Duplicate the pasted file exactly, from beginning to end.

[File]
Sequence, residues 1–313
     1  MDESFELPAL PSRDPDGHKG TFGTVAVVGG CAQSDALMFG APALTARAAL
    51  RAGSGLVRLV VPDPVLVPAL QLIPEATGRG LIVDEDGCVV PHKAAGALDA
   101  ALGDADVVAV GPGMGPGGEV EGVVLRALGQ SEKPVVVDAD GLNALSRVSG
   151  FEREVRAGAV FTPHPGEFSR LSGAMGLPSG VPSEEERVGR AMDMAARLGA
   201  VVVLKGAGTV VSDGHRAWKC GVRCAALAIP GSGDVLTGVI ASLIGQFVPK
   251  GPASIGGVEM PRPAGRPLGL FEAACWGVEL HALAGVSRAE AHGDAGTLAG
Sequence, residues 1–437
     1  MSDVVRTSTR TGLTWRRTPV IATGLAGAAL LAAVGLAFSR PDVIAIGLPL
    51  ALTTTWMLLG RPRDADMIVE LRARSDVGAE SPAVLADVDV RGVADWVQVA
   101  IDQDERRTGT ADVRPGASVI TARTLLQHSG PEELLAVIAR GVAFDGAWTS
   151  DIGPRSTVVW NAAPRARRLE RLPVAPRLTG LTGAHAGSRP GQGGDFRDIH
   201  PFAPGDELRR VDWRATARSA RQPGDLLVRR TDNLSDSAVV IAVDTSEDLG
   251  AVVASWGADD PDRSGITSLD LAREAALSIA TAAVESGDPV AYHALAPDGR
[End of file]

Sequence, residues 1–313
     1  MDESFELPAL PSRDPDGHKG TFGTVAVVGG CAQSDALMFG APALTARAAL
    51  RAGSGLVRLV VPDPVLVPAL QLIPEATGRG LIVDEDGCVV PHKAAGALDA
   101  ALGDADVVAV GPGMGPGGEV EGVVLRALGQ SEKPVVVDAD GLNALSRVSG
   151  FEREVRAGAV FTPHPGEFSR LSGAMGLPSG VPSEEERVGR AMDMAARLGA
   201  VVVLKGAGTV VSDGHRAWKC GVRCAALAIP GSGDVLTGVI ASLIGQFVPK
   251  GPASIGGVEM PRPAGRPLGL FEAACWGVEL HALAGVSRAE AHGDAGTLAG
Sequence, residues 1–437
     1  MSDVVRTSTR TGLTWRRTPV IATGLAGAAL LAAVGLAFSR PDVIAIGLPL
    51  ALTTTWMLLG RPRDADMIVE LRARSDVGAE SPAVLADVDV RGVADWVQVA
   101  IDQDERRTGT ADVRPGASVI TARTLLQHSG PEELLAVIAR GVAFDGAWTS
   151  DIGPRSTVVW NAAPRARRLE RLPVAPRLTG LTGAHAGSRP GQGGDFRDIH
   201  PFAPGDELRR VDWRATARSA RQPGDLLVRR TDNLSDSAVV IAVDTSEDLG
   251  AVVASWGADD PDRSGITSLD LAREAALSIA TAAVESGDPV AYHALAPDGR